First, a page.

Harvest in the home garden
By Trudy Duivenvoorden Mitic, October 2013
A crucial link in the food security chain.
Today we picked about 50 pounds of pears from a tree that received hardly a drop of water over the dry summer. After trundling the boxes into our cold-storage room I had to stop for a minute and marvel at the bounty of our smallish, non descript backyard garden. What happens here every year is a miracle, really. Despite the dry summer, the apple trees have produced enough fruit to supply us with applesauce for a year, and the blackberry and raspberry bushes near the fence have provided a good stash of fruit for the freezer. (I should make clear that owning a blackberry bush is like owning a bronco—you have to keep a very tight rein. I allow just a single vine to run along the fence and keep everything else severely curbed. Every year my ruthlessness is rewarded with several litres of mouth-watering berries.)
In front of the berries we planted tall edible-pod peas this year, which fed us through the early season along with lettuce and kale. Kale is an amazing plant, a nutrition powerhouse that just keeps giving throughout the year. We use it in a dozen different ways and still have extra to give to our young people who love adding it to their smoothies. Swiss chard feeds us well too, and rarely needs much attention. It self-seeds readily so the progeny of one plant will keep us supplied for a long time.
Over the summer we feasted on beans and more salad greens, summer squash, cucumbers, zucchini, and early beets, carrots and potatoes. In many ways the garden is in its most splendid stage right now, saturated in the kind of serenity that comes after the hard work is done (and yet still flush with beets and carrots), smelling of warm earth and beautifully festooned with crimson tomatoes, a gorgeous pumpkin and various winter squash lollygagging in the late-season sun.
But of course there were challenges, drought being the main concern. Aphids came and went, some plants withered long before reaching maturity, weeds flourished, powdery mildew turned a few things grey, and the spinach and other tender greens bolted faster than the neighbour’s cat after I hissed at it.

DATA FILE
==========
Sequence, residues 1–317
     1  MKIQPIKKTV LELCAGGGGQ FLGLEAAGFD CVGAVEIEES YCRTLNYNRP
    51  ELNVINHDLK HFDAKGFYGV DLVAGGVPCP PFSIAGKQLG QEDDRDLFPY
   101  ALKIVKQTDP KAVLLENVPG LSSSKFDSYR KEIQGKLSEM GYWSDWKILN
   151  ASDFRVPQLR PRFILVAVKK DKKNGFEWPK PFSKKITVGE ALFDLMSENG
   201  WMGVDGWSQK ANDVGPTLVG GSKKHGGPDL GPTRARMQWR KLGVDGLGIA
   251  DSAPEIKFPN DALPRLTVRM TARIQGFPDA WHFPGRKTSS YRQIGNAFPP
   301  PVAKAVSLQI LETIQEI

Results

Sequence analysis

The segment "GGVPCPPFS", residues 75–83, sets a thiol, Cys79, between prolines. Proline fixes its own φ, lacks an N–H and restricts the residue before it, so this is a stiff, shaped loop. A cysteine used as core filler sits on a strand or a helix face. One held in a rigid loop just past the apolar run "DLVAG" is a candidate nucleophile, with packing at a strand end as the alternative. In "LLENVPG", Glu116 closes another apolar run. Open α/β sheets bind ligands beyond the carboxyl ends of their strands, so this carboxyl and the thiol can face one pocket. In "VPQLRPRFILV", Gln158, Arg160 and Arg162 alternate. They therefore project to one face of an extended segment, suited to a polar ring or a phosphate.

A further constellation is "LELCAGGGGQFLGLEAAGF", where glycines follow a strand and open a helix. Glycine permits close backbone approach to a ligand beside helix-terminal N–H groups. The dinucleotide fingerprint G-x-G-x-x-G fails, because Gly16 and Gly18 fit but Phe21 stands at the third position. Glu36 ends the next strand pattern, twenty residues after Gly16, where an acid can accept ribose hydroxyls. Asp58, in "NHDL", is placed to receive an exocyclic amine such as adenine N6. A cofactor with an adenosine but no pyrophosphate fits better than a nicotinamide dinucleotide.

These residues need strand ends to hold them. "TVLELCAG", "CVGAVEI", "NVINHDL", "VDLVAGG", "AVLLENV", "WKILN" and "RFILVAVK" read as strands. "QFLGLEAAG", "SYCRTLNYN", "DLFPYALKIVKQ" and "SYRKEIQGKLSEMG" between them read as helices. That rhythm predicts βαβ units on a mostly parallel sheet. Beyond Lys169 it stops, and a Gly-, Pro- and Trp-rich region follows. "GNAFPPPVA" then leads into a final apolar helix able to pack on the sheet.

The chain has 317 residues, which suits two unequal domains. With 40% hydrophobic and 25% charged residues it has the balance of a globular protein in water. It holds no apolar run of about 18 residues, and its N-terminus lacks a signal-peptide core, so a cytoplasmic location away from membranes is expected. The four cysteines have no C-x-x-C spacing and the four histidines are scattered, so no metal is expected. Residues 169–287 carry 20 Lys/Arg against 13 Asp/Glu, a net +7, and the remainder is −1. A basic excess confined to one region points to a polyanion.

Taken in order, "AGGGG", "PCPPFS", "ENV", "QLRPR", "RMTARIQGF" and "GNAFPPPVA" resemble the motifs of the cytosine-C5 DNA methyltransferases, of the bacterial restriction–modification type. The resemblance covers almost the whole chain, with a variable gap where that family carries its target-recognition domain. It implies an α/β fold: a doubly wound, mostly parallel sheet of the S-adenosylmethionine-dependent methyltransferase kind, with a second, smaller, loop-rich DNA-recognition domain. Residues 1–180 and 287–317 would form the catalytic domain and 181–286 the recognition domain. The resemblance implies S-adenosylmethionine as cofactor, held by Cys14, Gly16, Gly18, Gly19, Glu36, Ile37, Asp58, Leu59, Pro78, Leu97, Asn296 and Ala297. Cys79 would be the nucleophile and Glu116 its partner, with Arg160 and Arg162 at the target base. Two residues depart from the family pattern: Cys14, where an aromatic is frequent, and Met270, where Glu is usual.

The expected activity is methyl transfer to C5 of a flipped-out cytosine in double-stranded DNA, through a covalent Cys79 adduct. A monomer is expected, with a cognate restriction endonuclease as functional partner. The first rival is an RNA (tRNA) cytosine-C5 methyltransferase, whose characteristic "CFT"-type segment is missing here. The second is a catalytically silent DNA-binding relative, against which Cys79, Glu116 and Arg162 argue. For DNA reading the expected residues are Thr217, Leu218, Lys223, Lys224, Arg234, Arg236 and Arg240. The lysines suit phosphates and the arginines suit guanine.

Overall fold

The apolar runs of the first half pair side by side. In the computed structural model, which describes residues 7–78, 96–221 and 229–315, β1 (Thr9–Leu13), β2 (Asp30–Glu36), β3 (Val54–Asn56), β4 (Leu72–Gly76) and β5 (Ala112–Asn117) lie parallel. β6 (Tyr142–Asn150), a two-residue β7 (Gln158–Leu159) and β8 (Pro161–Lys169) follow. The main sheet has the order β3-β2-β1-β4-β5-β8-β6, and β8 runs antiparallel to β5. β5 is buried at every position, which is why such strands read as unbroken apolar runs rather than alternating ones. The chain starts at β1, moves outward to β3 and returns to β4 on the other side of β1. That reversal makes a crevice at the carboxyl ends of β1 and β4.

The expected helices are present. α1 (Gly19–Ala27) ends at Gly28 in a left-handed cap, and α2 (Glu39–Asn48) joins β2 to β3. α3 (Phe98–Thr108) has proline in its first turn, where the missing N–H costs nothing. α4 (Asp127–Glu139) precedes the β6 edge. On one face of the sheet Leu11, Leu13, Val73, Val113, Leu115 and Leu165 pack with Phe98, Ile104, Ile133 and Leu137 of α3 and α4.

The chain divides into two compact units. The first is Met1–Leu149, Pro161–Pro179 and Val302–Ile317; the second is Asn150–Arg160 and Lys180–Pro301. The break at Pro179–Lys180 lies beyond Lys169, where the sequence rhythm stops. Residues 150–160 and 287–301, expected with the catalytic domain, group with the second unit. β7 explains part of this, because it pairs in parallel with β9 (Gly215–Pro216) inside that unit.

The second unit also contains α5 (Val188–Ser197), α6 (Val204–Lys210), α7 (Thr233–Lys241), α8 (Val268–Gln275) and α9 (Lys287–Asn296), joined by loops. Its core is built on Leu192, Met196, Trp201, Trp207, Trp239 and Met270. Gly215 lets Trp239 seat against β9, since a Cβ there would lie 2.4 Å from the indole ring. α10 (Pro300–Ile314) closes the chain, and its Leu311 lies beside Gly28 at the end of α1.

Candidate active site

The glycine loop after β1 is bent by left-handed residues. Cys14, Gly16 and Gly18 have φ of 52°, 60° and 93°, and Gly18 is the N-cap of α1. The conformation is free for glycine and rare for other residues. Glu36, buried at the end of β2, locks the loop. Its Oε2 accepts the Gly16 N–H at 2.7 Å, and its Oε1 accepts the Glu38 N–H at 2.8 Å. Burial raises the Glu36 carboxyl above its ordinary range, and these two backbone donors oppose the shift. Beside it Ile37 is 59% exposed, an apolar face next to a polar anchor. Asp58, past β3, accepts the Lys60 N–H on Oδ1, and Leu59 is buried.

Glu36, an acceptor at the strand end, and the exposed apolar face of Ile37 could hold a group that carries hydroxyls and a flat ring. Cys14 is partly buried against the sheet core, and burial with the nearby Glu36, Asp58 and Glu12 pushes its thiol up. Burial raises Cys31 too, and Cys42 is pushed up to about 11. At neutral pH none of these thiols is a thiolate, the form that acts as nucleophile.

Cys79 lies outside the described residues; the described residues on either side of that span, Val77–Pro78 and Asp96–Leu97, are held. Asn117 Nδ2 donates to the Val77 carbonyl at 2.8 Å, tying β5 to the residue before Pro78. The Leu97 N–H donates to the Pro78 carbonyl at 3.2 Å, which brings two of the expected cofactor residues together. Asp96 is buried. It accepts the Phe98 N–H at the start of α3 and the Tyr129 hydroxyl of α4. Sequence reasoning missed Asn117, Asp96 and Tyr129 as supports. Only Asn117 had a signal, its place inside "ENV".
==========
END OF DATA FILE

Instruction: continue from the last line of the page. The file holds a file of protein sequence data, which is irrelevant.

That’s one reason why crop diversity makes so much sense in the home garden (and on the farm as well, although there it’s being threatened by huge-scale operations that buy up traditional mixed farms and amalgamate the land for mono-crop production). Growing smaller yields and more variety ensures there’ll always be something to harvest. This, for example, was a good year in our garden for beans, berries and pears. The peach tree, on the other hand, produced just a single fruit which, pathetically, fell to the ground and rotted while we were away.
There’s plenty of discussion on food security these days, and for good reason: Half of Canada’s farmers are in their mid-fifties or older, and three-quarters of them will retire in the next decade. That has fundamental implications for all of us, so of course we’re interested in hearing about new ways to keep the land productive and affordable for future farmers who’d rather not work themselves to bankruptcy or death. We’re grateful they’re there to grow our food but it often doesn’t occur to us that we could farm too.
Could we be a city of backyard, balcony and rooftop food growers? Could we eschew the stuff that comes from foreign shores and instead centre our diet on humble crops we’ve grown ourselves and seasonal offerings from our own local farms? Could we grow Victory gardens once again, this time to help triumph a more self-sufficient future?
There’s no doubt the home garden is a crucial link in the food security chain. Starting one is easy enough and fortunately the instructions are few and basic: Find some soil where the sun shines, add compost, add seeds, add water, remove crops and repeat until you no longer need to eat.
Whether you pick cherry tomatoes from a single patio pot or harvest tons of produce from a prolific food garden—and there are many around town—bask in the knowledge that you’re carrying on the noble work of your ancestors over thousands of years. They toiled in fields out in the country. We, with our ingenuity and appetite for sustainability, could transform our urban home into a true and bounteous City of Gardens.
TDM wishes you a wonderful harvest and Thanksgiving. If you grow more food than you can use, please consider donating to your local food bank. The LifeCycles Fruit Tree Project will even come and pick your excess fruit.